The power of waste
Renewable energy covers a lot of ground. It’s fuel for transportation, it’s heating and cooking applications, and it’s power. For most people, the latter is the hot topic of conversation as the embattled Eskom baseload has seen cities and businesses blacked out and fed up. There is a need for investment into renewable alternatives as fossil fuels dwindle and the impact of global warming starts to make itself felt. Fortunately, there are people paying attention and solutions are not only being investigated, but implemented.
“There have been a number of wind farms implemented in the Cape and wind is one of the rising stars of the region,” says Russell Phillips, Associate Professor in Mechanical Engineering, Nelson Mandela Metropolitan University. “I believe that over the next five to 10 years, wind is likely to become one of the biggest players, closely followed by solar power, as both can put significant power into the grid.”
The wind farm installation in Jeffreys Bay is one of the largest in South Africa and supplies around 460 000 MWh per year. It is enough, according to the company, to power more than 100 000 average South African homes.
“There is good wind in areas of Africa which can contribute to our growing electricity needs,” says Professor van Zyl, department of microbiology, University of Stellenbosch. “Another area which can provide renewable energy is geothermal, but we’re not quite there yet, and hydro has a few applications, but they’re small.”
When it comes to hydro Africa just isn’t in a good place. The lack of water as a resource in itself means that this form of energy generation is limited. Geothermal energy — using the heat created by hot water or rocks to power generators — is a viable option as a source of energy for some types of industrial processes and has a strong presence in the US.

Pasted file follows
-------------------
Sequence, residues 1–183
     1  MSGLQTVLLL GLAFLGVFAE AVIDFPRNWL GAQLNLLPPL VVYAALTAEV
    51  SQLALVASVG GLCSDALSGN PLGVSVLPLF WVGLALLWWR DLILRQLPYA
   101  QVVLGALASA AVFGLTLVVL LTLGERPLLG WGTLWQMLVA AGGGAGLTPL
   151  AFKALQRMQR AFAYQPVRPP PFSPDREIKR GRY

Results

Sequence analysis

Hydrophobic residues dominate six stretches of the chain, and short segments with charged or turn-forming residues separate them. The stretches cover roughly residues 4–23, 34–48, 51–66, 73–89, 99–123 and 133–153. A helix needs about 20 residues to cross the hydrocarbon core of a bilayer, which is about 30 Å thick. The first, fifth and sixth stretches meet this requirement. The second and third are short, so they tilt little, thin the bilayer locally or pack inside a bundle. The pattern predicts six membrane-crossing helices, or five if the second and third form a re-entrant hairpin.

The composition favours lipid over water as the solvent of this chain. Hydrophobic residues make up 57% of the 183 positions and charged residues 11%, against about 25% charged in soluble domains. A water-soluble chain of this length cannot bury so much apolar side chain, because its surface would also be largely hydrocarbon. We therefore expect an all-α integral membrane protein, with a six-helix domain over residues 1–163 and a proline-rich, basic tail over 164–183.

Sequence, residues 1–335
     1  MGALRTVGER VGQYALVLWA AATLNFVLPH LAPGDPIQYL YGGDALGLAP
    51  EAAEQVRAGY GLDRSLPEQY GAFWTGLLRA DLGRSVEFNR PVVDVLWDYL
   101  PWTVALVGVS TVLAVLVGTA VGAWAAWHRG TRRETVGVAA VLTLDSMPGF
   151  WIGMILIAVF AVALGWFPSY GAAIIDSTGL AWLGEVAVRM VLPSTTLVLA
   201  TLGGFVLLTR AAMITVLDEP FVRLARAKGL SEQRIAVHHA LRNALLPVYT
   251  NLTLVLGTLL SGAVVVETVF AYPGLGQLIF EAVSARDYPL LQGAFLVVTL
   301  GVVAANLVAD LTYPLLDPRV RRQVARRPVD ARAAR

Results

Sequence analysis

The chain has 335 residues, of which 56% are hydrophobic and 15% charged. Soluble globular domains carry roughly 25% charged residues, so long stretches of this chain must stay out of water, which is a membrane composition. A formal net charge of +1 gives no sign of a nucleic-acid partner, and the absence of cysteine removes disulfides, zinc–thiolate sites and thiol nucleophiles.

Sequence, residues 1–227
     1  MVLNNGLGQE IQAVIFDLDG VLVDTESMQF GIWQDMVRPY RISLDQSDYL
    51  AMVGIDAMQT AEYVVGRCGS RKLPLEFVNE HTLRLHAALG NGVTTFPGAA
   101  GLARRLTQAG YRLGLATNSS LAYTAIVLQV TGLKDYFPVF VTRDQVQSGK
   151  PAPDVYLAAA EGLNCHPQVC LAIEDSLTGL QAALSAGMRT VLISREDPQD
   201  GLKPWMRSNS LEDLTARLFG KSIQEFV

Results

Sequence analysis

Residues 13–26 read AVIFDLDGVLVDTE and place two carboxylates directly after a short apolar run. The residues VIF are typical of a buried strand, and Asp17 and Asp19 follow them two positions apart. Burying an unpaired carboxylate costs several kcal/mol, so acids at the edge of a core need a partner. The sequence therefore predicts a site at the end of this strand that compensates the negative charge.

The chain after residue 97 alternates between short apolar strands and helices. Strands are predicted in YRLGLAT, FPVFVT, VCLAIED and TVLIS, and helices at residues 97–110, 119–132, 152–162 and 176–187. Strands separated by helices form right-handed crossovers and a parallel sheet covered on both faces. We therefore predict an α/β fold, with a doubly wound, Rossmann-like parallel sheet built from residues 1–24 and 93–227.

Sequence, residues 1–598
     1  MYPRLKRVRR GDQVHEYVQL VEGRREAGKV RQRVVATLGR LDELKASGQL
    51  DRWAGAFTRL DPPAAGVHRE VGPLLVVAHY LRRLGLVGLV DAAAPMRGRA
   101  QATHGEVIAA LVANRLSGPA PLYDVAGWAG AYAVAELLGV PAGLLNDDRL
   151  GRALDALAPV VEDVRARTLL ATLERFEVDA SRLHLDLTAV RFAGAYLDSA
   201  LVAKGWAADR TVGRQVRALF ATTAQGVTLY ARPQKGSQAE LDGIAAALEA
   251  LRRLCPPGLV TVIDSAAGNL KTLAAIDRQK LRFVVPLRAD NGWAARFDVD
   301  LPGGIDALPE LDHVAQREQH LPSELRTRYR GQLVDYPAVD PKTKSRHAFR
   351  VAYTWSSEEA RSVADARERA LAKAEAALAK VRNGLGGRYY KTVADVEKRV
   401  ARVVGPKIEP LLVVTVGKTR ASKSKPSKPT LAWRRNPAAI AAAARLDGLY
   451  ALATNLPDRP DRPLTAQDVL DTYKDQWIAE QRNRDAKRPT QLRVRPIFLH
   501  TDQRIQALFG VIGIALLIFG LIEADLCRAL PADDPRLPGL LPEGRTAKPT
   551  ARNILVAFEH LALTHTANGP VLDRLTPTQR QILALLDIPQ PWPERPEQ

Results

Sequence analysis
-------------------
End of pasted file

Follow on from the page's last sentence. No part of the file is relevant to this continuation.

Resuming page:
“Geothermal has potential, but it is not being developed, and we don’t have the relevant skills at the moment,” says Theuns Dirkse van Schalkwyk, lecturer and researcher, department of industrial engineering, Stellenbosch University. “A great solution which is being pursued and which has extraordinary potential is landfill, and it is one which I believe should be pushed far more aggressively.”
The advantage of capturing gasses emitted by landfill — and using the waste products themselves — is that more than one problem is solved at the same time. According to the World Bank, South Africa produces about 54 425 tonnes of trash every day. We are rated the 15th highest trash producer in the world, with the average household disposing of around 2kg a day. As pictures go, this one definitely isn’t pretty.
“The amount of waste in landfills is really scary, so to reduce and re-use the waste while also generating energy is a win,” says Chemical Engineering and Bioenergy Professor Johan Gorgens from the University of Stellenbosch.
Van Schalkwyk adds: “Landfill releases gases automatically, mostly methane and carbon dioxide, along with a few other unpleasant gases. The technology for landfill hasn’t been developed properly; we could use this waste far more productively. Instead of landfill, we could have a processing plant which provides both energy and recycled goods.”